Obama and Erdogan (archive)
Obama and Erdogan (archive)Reuters

U.S. President Barack Obama on Friday urged Turkish President Recep Tayyip Erdogan to combat anti-Semitism, the White House said in a statement.

“The President met with Turkish President Erdogan today in Newport, Wales, where both leaders were attending the NATO Summit. They exchanged views on how best to cooperate in the struggle against ISIS and violent extremism in Iraq and Syria, and on the need for strengthened measures against foreign fighters transiting to and from the battlefield,” the statement said. 

“They discussed the urgent need for effective pressure and diplomacy aimed at bringing to an end the conflicts in Ukraine and Libya. The President and President Erdogan also discussed the importance of building tolerant and inclusive societies and combating the scourge of anti-Semitism,” it added.

Under the rule of the Islamist AKP party of Erdogan, who used to be the country’s prime minister before his recent election as president, anti-Semitism has risen steadily, prompting many young Turkish Jews to leave the country.

That rising hatred has been blamed on vitriolic anti-Israel rhetoric by Turkish leaders and politicians, which often spills over into anti-Semitism.

Israel and Turkey used to be close allies, even at the start of the AKP's rule. However, things soon turned sour as Erdogan drifted towards a "pan-Islamic" foreign policy, attacking the Jewish state regularly, including most notably when he stormed out of a TV interview with then-Israeli President Shimon Peres over Israel's 2009 Operation Cast Lead in Gaza.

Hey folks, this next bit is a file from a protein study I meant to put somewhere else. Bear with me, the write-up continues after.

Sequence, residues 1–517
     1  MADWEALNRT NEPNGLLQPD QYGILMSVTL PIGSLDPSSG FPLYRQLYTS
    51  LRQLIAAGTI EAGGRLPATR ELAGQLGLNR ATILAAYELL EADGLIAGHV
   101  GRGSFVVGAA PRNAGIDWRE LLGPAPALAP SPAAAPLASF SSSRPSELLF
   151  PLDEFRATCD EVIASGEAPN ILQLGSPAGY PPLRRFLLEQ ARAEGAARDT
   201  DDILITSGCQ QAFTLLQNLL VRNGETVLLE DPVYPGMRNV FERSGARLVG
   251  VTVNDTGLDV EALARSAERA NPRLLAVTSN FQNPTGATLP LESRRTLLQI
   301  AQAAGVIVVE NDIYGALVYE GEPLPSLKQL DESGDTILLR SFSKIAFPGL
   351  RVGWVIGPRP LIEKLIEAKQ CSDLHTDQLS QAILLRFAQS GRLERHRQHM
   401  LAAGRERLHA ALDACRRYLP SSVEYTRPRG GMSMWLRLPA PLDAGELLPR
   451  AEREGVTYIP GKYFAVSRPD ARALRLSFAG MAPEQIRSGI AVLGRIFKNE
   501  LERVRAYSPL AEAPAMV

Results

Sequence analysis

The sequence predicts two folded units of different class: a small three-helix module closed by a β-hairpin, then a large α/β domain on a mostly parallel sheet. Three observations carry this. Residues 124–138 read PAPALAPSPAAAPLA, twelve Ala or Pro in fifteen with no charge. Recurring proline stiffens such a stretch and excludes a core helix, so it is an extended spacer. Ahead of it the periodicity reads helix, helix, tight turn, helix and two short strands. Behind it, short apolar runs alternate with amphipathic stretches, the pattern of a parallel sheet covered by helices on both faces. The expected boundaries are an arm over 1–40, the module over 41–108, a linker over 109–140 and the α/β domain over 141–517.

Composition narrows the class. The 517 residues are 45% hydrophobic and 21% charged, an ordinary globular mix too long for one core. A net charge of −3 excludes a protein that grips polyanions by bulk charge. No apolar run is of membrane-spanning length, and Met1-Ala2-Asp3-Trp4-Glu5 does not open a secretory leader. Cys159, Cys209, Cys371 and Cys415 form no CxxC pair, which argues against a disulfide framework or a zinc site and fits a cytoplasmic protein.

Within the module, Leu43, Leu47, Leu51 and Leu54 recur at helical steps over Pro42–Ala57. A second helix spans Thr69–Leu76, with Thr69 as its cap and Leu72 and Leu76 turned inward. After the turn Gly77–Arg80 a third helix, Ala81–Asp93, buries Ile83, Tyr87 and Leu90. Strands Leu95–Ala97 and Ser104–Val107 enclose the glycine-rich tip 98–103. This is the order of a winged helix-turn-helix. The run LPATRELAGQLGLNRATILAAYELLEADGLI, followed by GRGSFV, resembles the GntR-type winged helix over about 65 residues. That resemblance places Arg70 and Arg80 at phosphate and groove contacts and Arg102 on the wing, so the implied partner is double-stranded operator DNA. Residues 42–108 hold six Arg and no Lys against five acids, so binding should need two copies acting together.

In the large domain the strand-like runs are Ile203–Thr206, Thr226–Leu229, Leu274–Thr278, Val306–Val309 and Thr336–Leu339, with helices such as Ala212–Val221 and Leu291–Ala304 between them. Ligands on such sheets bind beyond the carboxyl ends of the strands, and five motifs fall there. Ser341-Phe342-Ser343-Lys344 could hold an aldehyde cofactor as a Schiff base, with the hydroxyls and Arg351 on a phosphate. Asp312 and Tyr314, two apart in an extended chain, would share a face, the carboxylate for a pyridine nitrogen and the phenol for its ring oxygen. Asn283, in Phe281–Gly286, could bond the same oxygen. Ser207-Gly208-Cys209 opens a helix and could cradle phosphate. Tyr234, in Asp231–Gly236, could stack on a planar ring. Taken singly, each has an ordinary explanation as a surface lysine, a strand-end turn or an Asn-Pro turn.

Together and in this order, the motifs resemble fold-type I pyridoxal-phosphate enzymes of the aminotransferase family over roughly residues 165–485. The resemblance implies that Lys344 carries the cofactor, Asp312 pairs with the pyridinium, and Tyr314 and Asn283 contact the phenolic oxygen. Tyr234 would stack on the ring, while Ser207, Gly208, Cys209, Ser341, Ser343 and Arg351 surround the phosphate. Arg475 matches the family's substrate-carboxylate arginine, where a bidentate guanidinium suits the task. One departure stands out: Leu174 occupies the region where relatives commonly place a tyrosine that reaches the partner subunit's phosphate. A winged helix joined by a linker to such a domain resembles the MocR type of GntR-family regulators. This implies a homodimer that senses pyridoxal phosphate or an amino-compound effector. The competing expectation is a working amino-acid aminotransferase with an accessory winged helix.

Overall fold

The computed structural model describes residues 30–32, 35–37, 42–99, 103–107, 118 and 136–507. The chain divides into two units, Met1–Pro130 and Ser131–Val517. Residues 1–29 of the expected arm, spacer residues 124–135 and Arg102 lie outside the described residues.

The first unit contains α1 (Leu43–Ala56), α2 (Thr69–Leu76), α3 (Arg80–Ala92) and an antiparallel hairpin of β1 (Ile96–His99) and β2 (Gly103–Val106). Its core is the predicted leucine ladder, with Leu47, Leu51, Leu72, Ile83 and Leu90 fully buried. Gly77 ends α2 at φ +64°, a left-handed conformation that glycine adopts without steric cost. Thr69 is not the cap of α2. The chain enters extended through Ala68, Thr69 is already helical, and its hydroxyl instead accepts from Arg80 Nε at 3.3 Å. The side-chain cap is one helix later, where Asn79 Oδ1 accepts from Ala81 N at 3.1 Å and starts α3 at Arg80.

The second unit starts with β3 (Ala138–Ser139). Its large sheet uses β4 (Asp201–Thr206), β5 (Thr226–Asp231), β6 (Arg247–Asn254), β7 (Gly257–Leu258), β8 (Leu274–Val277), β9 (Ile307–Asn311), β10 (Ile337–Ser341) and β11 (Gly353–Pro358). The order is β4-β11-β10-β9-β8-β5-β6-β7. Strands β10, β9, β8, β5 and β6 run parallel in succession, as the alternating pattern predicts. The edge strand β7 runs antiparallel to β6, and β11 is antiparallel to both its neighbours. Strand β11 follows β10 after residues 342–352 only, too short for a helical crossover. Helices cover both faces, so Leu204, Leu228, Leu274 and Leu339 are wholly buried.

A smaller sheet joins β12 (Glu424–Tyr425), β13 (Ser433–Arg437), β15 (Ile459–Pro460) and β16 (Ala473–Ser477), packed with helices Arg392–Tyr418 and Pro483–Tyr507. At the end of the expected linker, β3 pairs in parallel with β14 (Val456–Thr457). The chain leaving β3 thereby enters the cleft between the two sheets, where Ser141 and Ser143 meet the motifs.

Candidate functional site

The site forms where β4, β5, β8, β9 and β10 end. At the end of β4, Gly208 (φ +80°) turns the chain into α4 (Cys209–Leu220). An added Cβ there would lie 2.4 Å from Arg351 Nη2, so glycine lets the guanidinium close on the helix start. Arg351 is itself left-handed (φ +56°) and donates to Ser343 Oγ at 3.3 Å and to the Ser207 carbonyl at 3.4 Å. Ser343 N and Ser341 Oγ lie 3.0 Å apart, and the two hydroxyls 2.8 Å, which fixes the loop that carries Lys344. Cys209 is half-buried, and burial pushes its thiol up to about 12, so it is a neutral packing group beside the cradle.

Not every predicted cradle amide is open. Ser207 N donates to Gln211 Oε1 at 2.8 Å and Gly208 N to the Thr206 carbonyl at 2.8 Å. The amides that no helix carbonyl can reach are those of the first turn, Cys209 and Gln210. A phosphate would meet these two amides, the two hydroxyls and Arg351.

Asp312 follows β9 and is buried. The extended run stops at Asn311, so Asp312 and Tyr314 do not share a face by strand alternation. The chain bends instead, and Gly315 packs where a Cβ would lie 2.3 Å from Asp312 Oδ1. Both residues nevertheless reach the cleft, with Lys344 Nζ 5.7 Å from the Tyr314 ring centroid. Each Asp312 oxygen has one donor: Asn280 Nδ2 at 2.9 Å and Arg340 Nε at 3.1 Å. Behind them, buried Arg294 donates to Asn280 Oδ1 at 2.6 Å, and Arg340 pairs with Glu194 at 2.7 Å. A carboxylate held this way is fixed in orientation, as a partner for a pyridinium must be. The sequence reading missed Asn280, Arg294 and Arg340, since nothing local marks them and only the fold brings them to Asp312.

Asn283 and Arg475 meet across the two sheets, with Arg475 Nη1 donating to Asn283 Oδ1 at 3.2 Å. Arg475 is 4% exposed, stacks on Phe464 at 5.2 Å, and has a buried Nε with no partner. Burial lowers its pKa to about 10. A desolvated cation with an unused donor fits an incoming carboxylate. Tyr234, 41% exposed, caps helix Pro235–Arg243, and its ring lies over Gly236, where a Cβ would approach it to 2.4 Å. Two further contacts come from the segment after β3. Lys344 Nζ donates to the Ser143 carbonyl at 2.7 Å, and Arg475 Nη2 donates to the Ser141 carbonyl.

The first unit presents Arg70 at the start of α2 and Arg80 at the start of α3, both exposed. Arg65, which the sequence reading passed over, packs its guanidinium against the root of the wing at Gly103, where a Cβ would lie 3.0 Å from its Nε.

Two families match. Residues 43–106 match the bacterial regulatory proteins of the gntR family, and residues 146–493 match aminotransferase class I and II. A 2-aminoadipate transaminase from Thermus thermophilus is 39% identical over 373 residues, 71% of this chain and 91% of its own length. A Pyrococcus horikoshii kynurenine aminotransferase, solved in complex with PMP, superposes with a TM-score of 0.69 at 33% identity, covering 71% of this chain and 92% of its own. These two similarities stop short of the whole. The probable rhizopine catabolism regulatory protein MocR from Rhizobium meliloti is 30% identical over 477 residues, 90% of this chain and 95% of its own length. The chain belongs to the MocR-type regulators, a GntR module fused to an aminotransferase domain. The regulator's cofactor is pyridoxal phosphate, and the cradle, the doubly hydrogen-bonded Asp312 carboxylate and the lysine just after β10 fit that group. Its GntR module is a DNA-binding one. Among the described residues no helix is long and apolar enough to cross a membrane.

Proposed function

Relations reached an all-time low after the 2010 Mavi Marmara incident, when the Marmara ship, which claimed to be providing "humanitarian aid for the people of Gaza," defied orders to turn around and dock at the Ashdod port. After it ignored repeated warnings to change course, the IDF boarded the vessel - only to be attacked by Islamist extremists on board.

The soldiers had no choice but to open fire, resulting in the deaths of nine of the IHH members on board.

After an investigation, Israeli authorities discovered the vessel to be carrying no humanitarian aid - in fact, no aid supplies at all - whatsoever. 

Erdogan has continued to verbally attack the Jewish state even after Prime Minister Binyamin Netanyahu, at the urging of Obama, apologized for the Marmara incident.

The Turkish leader renewed his attacks against Israel during the recent Operation Protective Edge in Gaza. He threatened to end the normalization process with Israel over "state terrorism."

Last week, however, Erdogan publicly shook the hand of an Israeli official, the first time in six years he had done so.

(Arutz Sheva’s North American desk is keeping you updated until the start of Shabbat in New York. The time posted automatically on all Arutz Sheva articles, however, is Israeli time.)